Valley City Dr. Genevieve Goven has been appointed to a term on the North Dakota State Board of Medical Examiners by Gov. Jack Dalrymple.
Local medical historian Paul Vangerud said Friday Goven is the first Valley City doctor to serve on the board since Dr. Neil McDonald served on the board for eight years in the 1970s.
â€śItâ€™s really quite an honor,â€ť said Goven Friday.
As a board member, Goven said her job will be â€śtwo-fold,â€ť reviewing credentials and training of new doctors in the state, and investigating and possibly pulling medical licenses of doctors in case of concerns or complaints.
Examples of problems the board would look at include driving under the influence, drug abuse or robbery, Goven said.
Goven said the board would also investigate doctors with North Dakota licenses who work or live in other states such as Minnesota or California and lost their licenses out of state. The state board would investigate and possibly suspend the North Dakota license if the problem were relevant.
The board also supervises physician assistants in North Dakota.
She said the purpose of the board is to follow the North Dakota Century code and keep standards for North Dakota doctors high. â€śEvery few years we have a notable caseâ€ť with North Dakota doctors facing license suspension or removal for offenses, Goven said.
â€śI was asked to join the board, but the governor makes the appointment,â€ť Goven said.
â€śI will be the only Valley City doctor on the board.â€ť
Goven said her term began April 1. The board meets quarterly in Bismarck for a two-day meeting unless a special meeting is needed.
Goven is board-certified in family practice and practices at the Sanford Valley City Clinic. She obtained her undergraduate degree from the University of North Dakota in 1985 and her medical doctorate from the University of North Dakota School of Medicine and Health Sciences in 1990.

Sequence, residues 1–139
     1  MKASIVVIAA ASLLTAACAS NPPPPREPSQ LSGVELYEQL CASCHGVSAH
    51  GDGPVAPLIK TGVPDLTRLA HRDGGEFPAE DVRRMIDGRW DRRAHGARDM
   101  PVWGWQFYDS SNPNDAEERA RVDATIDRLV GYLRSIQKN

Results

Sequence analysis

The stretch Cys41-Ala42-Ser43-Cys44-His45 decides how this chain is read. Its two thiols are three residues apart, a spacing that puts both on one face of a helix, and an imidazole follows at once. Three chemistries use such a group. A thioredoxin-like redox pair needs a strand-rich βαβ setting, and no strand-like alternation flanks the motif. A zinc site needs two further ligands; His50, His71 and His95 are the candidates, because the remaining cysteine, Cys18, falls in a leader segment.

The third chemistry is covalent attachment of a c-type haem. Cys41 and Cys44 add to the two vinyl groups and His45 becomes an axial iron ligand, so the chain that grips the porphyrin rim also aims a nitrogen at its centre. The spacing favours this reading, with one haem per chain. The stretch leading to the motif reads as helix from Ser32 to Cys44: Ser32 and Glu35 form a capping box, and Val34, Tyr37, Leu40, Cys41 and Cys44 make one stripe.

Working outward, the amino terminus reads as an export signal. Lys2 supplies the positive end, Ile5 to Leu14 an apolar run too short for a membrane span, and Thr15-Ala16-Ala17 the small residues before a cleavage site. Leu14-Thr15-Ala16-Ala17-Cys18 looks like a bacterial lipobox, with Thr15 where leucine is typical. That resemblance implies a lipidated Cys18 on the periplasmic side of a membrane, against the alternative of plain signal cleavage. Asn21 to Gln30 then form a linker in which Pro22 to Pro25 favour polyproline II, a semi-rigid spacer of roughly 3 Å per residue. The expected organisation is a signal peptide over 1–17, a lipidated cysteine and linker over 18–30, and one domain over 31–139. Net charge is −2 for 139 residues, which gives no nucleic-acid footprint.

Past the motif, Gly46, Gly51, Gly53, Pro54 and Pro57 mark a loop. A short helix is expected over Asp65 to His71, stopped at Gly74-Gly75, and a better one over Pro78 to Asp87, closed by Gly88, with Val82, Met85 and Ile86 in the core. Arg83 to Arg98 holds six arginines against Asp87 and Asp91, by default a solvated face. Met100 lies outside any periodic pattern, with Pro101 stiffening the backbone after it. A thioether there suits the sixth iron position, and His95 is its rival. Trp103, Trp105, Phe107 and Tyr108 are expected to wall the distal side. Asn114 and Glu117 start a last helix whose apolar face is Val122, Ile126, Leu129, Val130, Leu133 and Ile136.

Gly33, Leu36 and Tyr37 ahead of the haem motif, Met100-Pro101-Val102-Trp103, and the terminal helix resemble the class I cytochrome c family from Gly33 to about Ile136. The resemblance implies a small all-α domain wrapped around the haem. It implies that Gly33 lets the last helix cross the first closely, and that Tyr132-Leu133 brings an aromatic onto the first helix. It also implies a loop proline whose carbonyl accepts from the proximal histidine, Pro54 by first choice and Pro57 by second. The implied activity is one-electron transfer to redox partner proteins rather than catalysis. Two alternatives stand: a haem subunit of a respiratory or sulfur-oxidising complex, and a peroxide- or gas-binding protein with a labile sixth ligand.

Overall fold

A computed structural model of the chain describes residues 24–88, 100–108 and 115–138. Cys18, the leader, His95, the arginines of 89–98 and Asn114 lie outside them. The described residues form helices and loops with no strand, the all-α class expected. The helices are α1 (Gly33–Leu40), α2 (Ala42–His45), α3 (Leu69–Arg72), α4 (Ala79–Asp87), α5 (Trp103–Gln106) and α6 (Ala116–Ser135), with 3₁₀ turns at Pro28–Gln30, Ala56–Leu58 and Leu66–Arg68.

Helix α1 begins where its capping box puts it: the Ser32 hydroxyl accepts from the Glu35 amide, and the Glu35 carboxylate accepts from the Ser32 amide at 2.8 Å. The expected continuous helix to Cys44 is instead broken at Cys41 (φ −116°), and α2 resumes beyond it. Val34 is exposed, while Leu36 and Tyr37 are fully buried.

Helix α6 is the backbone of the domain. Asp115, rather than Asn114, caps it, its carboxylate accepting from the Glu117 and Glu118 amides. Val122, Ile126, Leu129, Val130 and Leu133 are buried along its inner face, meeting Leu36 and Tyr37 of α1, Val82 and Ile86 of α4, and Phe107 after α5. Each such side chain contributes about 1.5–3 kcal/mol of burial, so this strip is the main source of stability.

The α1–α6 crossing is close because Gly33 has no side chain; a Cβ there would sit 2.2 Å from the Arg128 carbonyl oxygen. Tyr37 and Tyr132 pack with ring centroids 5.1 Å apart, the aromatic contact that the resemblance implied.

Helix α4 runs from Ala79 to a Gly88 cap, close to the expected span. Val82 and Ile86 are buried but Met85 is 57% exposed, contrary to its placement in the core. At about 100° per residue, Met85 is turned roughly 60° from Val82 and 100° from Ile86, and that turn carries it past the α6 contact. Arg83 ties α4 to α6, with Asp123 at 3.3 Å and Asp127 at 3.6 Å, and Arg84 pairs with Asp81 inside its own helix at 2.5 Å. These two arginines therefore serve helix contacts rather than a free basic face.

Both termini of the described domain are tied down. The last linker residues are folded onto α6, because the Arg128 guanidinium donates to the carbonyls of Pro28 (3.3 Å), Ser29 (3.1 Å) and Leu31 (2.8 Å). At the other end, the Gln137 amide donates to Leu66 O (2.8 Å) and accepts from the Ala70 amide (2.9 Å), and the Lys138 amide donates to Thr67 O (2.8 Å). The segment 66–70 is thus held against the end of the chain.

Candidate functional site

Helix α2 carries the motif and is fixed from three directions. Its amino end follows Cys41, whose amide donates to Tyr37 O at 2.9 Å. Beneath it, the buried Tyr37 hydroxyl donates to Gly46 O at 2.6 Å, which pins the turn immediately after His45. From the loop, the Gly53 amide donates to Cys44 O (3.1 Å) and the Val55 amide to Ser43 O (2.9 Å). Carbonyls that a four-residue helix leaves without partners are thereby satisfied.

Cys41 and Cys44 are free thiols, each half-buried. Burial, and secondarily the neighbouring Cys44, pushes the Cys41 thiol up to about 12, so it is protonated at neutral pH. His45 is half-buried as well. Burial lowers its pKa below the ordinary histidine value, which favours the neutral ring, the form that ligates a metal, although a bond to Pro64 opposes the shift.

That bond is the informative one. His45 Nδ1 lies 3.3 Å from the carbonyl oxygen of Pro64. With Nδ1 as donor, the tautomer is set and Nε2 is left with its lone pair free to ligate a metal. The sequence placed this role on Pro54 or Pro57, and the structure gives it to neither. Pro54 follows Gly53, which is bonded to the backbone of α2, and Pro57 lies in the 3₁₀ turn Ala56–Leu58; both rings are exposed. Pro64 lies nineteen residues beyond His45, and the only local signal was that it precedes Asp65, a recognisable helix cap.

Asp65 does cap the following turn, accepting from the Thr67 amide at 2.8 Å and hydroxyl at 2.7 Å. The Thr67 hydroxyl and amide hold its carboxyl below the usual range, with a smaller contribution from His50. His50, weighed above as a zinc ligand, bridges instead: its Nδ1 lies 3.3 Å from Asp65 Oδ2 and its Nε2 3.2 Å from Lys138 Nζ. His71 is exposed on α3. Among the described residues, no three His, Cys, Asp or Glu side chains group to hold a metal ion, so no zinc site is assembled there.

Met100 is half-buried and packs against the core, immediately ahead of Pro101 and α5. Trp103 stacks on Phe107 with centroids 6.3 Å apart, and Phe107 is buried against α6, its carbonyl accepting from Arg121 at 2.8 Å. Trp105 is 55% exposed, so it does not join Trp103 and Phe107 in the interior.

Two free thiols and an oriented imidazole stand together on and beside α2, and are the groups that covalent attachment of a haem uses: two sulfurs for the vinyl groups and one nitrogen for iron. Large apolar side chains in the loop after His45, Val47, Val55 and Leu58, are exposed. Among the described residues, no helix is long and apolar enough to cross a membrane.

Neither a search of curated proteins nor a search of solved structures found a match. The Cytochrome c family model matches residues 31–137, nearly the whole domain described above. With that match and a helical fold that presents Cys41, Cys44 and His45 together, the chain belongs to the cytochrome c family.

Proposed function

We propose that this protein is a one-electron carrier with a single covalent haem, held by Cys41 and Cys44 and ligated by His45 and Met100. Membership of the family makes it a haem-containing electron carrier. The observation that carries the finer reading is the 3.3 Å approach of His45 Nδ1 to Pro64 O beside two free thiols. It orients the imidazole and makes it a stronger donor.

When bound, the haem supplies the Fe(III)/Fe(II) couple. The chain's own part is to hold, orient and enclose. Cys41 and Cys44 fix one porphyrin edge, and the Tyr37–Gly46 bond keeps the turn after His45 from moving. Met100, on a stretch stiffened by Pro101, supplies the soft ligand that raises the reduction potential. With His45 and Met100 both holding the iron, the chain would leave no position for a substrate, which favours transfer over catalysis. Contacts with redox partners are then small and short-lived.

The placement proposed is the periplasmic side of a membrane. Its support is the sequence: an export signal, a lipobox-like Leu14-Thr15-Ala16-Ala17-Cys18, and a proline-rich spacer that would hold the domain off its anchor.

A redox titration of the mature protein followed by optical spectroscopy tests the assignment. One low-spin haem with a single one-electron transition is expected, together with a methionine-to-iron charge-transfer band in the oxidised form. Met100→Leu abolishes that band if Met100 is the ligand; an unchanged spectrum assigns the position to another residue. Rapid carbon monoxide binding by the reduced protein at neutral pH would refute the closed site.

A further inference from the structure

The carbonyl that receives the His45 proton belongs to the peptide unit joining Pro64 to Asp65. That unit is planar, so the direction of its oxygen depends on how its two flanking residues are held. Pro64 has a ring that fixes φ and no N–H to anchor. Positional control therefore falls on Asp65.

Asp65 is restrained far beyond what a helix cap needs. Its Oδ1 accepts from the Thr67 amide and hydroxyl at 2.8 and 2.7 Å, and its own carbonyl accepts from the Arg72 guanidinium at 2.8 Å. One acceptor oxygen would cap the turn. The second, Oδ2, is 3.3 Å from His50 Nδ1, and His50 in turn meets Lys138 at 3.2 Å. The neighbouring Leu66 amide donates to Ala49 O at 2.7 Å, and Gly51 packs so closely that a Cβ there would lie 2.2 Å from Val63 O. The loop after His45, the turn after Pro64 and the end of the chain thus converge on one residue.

Also appointed was Dr. Jonathan S. Haug of Grand Forks, a board-certified anesthesiologist and chairman of the department of anesthesiology at Altru Hospital. He received his undergraduate degrees from the University of North Dakota in 1996 and his medical doctorate from the University of North Dakota School of Medicine and Health Sciences in 2001.
Goven and Haug are eligible to serve two four-year terms on the Board. The Board includes 13 members: nine medical doctors, one doctor of osteopathy, one physician assistant and two public members. The North Dakota State Board of Medical Examiners is responsible for regulating the practice of medicine in North Dakota, thereby helping to ensure the safe and competent practice of medicine for the people of North Dakota. It reviews each applicant for a medical license or physicianâ€™s assistant license to practice in the state and enforces the stateâ€™s Medical Practice Act.